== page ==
HK Comfort Food Cover Photo Credit: Lon Lee

Comfort food is food that associates with your individual or cultural specific kind of nostalgia. It particularly means a lot when you are away from home. As you consume comfort food, it recalls your memories from the good old days and its familiarity relieves you from the feeling of insecurity, anxiety, and stress.

With the Michelin Guide 2016 edition dedicating a new section to introduce Street Food, Hong Kong comfort food are getting back to the table. Yet, apart from the classic comfort food, it also introduces us with their new modernized versions. Let’s see what are comfort food for HongKongers!

Hong Kong Comfort Food, Congee, Mui Kee, Barley Congee, The Bottle Shop Central Photo Credits: Michael ChuThe Bottle Shop Central 

Congee, “jouk” 粥, is the ultimate Cantonese comfort food that does not only warm your stomach, but also your heart. Pour a small amount of rice in the pot, simmered low and slow for hours with water, then you may add all manner of things in it, ranging from fresh beef slices to dried fish skin. The key to preparing a nice bowl of congee is patience. Congee is the best-cooked under mild fire and you must stir it from time to time. If you are lazy, grab a bowl from restaurants below, they are equally good in their way depending on whether you are a classic or avant-garde type of food lover.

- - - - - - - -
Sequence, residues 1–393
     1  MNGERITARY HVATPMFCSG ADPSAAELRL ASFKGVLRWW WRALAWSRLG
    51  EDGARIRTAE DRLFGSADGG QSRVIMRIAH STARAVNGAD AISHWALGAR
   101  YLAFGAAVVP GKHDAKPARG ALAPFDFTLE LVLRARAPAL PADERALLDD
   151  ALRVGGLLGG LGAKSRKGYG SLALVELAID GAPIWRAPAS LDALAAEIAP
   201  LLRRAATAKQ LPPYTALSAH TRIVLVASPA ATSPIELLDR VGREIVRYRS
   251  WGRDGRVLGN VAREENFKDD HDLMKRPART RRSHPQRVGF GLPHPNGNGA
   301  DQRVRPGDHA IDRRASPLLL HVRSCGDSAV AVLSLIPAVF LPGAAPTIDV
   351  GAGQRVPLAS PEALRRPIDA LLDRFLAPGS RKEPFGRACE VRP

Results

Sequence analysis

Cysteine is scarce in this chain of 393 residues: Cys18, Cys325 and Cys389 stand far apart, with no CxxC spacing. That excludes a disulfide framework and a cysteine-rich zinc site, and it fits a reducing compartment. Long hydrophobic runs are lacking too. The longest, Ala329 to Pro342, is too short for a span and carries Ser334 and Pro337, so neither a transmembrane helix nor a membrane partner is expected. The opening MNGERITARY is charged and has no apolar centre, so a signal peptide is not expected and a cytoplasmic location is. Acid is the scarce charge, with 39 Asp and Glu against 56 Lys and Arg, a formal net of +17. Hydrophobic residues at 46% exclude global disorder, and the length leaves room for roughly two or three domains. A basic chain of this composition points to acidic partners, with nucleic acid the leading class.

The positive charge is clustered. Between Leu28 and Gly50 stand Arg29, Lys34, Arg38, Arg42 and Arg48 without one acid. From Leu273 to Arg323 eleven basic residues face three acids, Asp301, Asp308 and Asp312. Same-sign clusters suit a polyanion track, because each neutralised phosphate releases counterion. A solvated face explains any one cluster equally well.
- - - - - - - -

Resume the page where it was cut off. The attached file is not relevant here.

Classic: Congee in Mui Kee (妹記), Shop 11-12, 4/F, Fa Yuen St Market, Mong Kok

New: Congee made with barley, and jazzed up with multiple, flavour-packed toppings – beef floss , Japanese seaweed, a soft onsen egg, and a fried dough stick (“yau za gwai”油炸鬼) in The Bottle Shop Central, Shop 1, 17 Bridges St, Central, 2799 4899

Hong Kong Comfort Food, Steamed Rice Paper Rolls, Hop Yik Tai, Lobster Bobo Photo Credits: cometkit, 蕃茄醬與卡卡醬

Steamed rice paper rolls, as known as “Cheung Fun” 腸粉 in Cantonese, is one of the typical grab-and-go food in Hong Kong. Made with thin sheets of steamed rice paper rolled together into sausage-like tubes and served with a mix of sauce, it can save you from your starving tummy while you are on the way.

Classic: Served with little more than squirts of hoisin, soy and chili sauces and a sprinkle of toasted sesame seeds in Hop Yik Tai (合益泰小食), G/F, 121 Lam St, Sham Shui Po

New: Served with a rich lobster sauce and generous chunks of lobster and a dusting of dried fish roe for extra umami in Lobster Bobo by Eddy(龍蝦寶寶), Shop A, G/F, Haleson Bldg, 1 Jubilee St, Central, 3971 0933

Hong Kong Comfort Food, Beef Offal Noodles, Kau Kee, Beef Offal Ramen, Min Saam Gun Photo Credits: meintaipei, 新Monday